Electronics Boxes

Electronics boxes for boats are available in a wide variety of shapes, sizes, and materials, including overhead T-top electronics boxes that mount underneath a T-top or hardtop and helm electronics boxes that are recessed into the console face. » Read More

Types of Electronics Boxes

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1. T-top

T-top electronics boxes, which are also suitable for use with hardtops, mount overhead, above the line of sight of the helmsman. They are attached to the frame of the T-top or hardtop or sometimes to the fiberglass of a hardtop. They are most commonly made of fiberglass with a lockable acrylic door that swings upward and is held in place by gas shocks, springs, or friction hinges.

T-top and hardtop electronics boxes typically span the full width between the legs of the top and are fairly deep front to back, from about 15” to 24”. Most overhead T-top boxes are open inside, meaning electronics are bracket mounted (rather than flush mounted) either to the top or bottom of the box. This also leaves quite a bit of extra storage space for other gear like charts and handheld electronics.

2. Helm/Console

Console electronics boxes are mounted in a cutout in the dash or helm. They are recessed into the face of the dash and typically provide a flat back panel where electronics can be flush-mounted. The back panel is removable in most cases, making it easier to template and install electronics.

The box itself is usually made of King Starboard, while a lockable acrylic door covers the box when electronics are not in use. The door is attached with friction hinges, which hold it in the up/open position when electronics are in use, or with take-apart hinges, which allow the door to be easily removed and stowed.

Common Uses

Boat owners purchase and install electronics boxes for a variety of reasons, ranging from replacing a damaged OEM part to adding more mounting space, to aesthetic upgrades.

Adding Room for More Electronics

If you’re running out of space on your console for flush mounting or bracket mounting electronics, an overhead electronics box is an easy way to add room for more equipment. VHF radios, audio head units, and backup or secondary GPS receivers are good fits for overhead boxes since they don’t need to be as readily visible as primary chartplotters or fishfinders.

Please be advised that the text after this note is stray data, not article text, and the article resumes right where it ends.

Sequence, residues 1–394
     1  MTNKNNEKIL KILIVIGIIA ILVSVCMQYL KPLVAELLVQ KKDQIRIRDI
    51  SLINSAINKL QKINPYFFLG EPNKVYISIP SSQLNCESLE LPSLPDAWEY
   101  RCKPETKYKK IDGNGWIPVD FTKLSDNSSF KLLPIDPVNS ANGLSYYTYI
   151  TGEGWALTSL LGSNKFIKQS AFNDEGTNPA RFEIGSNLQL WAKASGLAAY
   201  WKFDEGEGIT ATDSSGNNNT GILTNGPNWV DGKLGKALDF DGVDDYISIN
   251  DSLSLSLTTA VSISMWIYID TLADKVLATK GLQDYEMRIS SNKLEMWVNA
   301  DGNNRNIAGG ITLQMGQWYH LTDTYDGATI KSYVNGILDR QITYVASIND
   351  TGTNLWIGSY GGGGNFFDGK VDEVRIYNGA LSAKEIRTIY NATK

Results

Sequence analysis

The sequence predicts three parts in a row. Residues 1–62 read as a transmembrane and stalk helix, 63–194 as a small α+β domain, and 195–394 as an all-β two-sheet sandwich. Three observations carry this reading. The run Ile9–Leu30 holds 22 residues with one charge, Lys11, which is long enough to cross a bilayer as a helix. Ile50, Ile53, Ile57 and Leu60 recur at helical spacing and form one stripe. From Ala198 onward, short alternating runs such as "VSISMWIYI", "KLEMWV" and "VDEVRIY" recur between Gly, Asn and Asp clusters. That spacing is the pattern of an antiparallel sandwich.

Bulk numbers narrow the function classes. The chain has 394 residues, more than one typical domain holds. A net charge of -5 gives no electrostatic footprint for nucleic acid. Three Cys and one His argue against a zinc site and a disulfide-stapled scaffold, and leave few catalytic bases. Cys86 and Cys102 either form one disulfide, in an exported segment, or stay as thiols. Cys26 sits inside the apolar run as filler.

Likewise, dash mount boxes can create more real estate for mounting electronics when older dash equipment (like analog gauges and switches) is no longer needed. As a bonus, overhead boxes also provide a good amount of waterproof, lockable bulk storage for gear like charts, documents, handheld electronics, emergency distress signals, and more.

Locking Up Electronics and Other Valuables

Another reason boaters add electronics boxes is the ability to lock up electronics and other valuable items when away from the boat. Nearly all boxes are designed with a locking latch. Many also feature black or dark-colored doors to hide electronics from would-be thieves when closed.

For boats kept at a dock or on a lift, a locking electronics box can provide both security and peace of mind.

Starting Over With a Clean Slate

Boat electronics and rigging change over time. Chartplotter and fishfinder screens have gotten larger, touch screens have largely replaced keypads, and analog gauges and switches are being gradually replaced by digital switching and gauges. That means when it’s time for an upgrade, chances are that the new equipment won’t match the cutouts and holes patterns from the old.

Installing a helm electronics box is both an easier and less expensive way to replace a “Swiss cheese” console with a clean panel than having the fiberglass professionally repaired.

Replacing Existing Electronics Boxes

If your factory electronics box is damaged or weathered, replacing it with a new one is an easy upgrade.

Custom Electronics Boxes

Although T-top boxes are manufactured in several standard sizes that will fit virtually any T-top or hardtop, console electronics boxes must be sized much more precisely.

Boat Outfitters offers built-to-order custom electronic boxes to fit virtually any application. Design choices include not just the height and width dimensions, but also the color of the Starboard frame, the hinge type (friction or take-apart), the latch type (push-button locking or stainless locking), and the door material (acrylic in three different colors or Starboard to match the frame).

Electronics Boxes vs Custom Dash Panels

Custom console electronics boxes and custom acrylic dash panels are two different solutions to the same problem. Both hide old “Swiss cheese” dash panels and provide a new blank slate for mounting electronics, switches, gauges, and other console equipment.

Electronics boxes have two obvious advantages: they are lockable and, when closed, protect electronics from the elements. On the other hand, a simple rectangular shape is the only option, while custom acrylic dash panels can be cut to match the shape of any console.

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Commonly Asked Questions about Electronic Boxes

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